Hurtle through five decades of Singapore's literary history and learn how literature helped make Siti Khalijah Zainal the charismatic stage darling she is today.
Literature takes centre stage at two theatre productions in the upcoming Singapore Writers Festival, which runs from Nov 4 to 13.
In the sold-out Siti Khalijah: An Actress Prepares, a one-woman show written by Alfian Sa'at and directed by Aidli Mosbit, the actress opens up about how she started off as a student with a love of reading.
Between The Lines: Rant And Rave II sends theatre veterans Serene Chen and Jean Ng slipping into the shoes of real-life poets, novelists and publishers to piece together the evolution of the Singapore literature scene.
It is writer-director Chong Tze Chien's literature-centric follow-up to show Rant & Rave, his whirlwind tour of Singapore theatre first staged in 2012.
BOOK IT / BETWEEN THE LINES: RANT AND RAVE II
WHERE: School of the Arts Studio Theatre, 1 Zubir Said Drive
WHEN: Nov 4 to 6, 8pm (Friday and Saturday), 3pm (Sunday)
ADMISSION: $35 from Sistic (go to www.sistic.com.sg or call 6348-5555)
For Between The Lines, the 41-year-old turns documentarian once more, this time patching together quotes and excerpts drawn from sources such as newspaper articles and journals to trace the growth and struggles of the literature scene here.
This production by The Finger Players, which runs from Nov 4 to 6 at the School of the Arts Studio Theatre, is commissioned by the Singapore Writers Festival. There will be a post-show book sale at the venue.
Chong, who is the company director of The Fingers Players, says: "Singapore literature is an important - but relatively unknown - part of our national history. It's about our struggles to try and get our voices heard.
"And it's not just about the writers. It's about the publishers, the bookstores, the different people who have tried to carve out a niche for Singapore literature and literature in Singapore."
The show captures the voices of the who's who of Singapore writing, including literary pioneers Edwin Thumboo and Arthur Yap; pays tribute to the sweat and tears of unsung heroes such as publishers and booksellers; and tracks milestones such as the rise and fall of Borders.
Chong took about two months to go through materials gathered by Dr Hoe Su Fern, a research fellow at the Institute of Policy Studies, and spent another month piecing together quotes so that the various personalities seem to be engaged in a conversation.
"It's a bit of nostalgia, a bit of education. When it comes to documentation, we're just at the cusp of understanding our history. So even though there has been so much happening in our literature scene, so much richness, not many people know that," he says.
Actresses Chen and Ng play more than 100 characters between them.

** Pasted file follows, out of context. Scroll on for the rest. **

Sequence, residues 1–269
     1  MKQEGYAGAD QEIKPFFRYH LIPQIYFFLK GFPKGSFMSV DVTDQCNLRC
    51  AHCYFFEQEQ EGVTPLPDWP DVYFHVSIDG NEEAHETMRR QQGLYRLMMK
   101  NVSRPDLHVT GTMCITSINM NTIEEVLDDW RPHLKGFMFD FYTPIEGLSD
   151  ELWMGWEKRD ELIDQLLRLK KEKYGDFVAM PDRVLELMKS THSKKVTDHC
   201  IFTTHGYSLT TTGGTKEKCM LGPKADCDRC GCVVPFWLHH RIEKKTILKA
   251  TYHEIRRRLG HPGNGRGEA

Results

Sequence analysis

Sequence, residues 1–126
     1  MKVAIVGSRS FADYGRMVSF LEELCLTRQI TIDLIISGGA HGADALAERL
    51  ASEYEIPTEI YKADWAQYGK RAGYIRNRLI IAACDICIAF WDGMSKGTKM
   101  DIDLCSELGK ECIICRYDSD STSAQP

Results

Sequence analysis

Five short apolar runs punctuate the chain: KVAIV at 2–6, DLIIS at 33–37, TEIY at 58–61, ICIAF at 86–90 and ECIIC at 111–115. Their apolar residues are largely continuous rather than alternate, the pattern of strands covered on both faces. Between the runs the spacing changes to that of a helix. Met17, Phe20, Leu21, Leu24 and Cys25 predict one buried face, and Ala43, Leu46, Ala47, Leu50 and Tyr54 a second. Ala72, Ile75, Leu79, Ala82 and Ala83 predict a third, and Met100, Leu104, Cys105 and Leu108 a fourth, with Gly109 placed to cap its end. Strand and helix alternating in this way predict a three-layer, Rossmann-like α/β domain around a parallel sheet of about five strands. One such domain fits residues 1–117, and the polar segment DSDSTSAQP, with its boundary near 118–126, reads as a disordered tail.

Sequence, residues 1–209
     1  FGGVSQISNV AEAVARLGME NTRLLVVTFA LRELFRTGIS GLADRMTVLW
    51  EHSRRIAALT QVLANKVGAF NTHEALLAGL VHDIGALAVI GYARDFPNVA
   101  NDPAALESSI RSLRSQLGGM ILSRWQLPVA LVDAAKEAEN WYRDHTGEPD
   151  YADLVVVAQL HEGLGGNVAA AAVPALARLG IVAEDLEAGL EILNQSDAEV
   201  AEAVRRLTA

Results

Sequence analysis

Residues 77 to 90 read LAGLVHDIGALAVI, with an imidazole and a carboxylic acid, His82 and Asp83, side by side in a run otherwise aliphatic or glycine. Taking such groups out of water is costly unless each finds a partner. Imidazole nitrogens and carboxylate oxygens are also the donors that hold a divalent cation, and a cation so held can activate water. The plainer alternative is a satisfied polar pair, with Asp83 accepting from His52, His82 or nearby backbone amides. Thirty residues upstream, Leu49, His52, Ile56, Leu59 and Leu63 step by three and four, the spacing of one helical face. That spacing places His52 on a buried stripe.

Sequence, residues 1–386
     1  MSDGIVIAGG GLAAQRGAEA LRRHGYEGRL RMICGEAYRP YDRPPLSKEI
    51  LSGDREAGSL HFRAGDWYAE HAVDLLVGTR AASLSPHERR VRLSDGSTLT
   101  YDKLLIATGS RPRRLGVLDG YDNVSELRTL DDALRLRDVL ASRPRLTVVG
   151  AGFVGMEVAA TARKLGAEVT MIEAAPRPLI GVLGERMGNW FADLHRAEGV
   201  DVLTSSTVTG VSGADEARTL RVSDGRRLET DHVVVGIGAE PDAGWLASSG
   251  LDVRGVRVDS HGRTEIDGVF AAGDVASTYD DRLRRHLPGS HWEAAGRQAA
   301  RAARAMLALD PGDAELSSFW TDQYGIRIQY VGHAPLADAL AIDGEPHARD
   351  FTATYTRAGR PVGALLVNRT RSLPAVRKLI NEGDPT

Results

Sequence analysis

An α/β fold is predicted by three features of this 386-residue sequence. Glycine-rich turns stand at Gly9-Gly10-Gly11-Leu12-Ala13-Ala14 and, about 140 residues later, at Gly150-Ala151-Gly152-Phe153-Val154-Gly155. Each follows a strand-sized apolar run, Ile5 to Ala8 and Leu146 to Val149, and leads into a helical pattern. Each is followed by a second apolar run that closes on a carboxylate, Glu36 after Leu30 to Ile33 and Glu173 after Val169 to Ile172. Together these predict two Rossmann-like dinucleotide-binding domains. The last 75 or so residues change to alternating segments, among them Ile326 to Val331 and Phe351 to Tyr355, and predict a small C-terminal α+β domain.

One of Chen's favourite quotes in the show is from Yap, who died of cancer in 2006, on his illness and the loss of his voice.
"He was a visionary and far, far ahead of his time. There was always a mystery about him, chiefly because I never spoke to him, but got to know him through his writing and the name tag on his room door," says Chen 41, who did theatre studies and English at the National University of Singapore, where Yap taught.
"My friends who took literature would talk about him: about the strong smell of smoke in his room and how he seemed to see deeply without really appearing to go out of his way to engage people."
One of her greatest take-aways from working on the show was the immense role publishers here played in shaping the scene.
"They were and are the believers, influencers, the patrons," says Chen. "Not unlike the theatre scene, there were the individuals who championed the literature scene by putting their money where their mouths were."
Meanwhile, literature played a part in getting Siti into theatre, she says. The 30-year-old recalls looking forward to literature classes at Pioneer Secondary School and breezing through the book assigned to the students in Secondary 1, Roald Dahl's Charlie & The Chocolate Factory.
"I loved the book so much, I finished reading it even before our teacher started reading it with us," she says. "My interest in reading slowly grew from there and I always read with a dictionary by my side, so that I could quickly refer to it if I came across difficult words."
In Siti Khalijah: An Actress Prepares, the actress - who can effortlessly veer from the comic to the tragic - will also talk about the roles she has played and the ones she dreams of taking on.
Performing in a Shakespeare play ranks high on her wish list: She played Hermia in a school production of A Midsummer's Night Dream, "but it was performed in simplified text".
"So I wonder what it would be like if I were given the chance to perform the role again, but this time using the original classic text," she says.
"It will be something new for me and audiences as well, something they've never seen me in before."
•The Straits Times is the official media partner of the Singapore Writers Festival. For more stories on the festival, go to http://www.straitstimes.com/tags/singapore-writers-festival-2016
•Siti Khalijah: An Actress Prepares is sold out.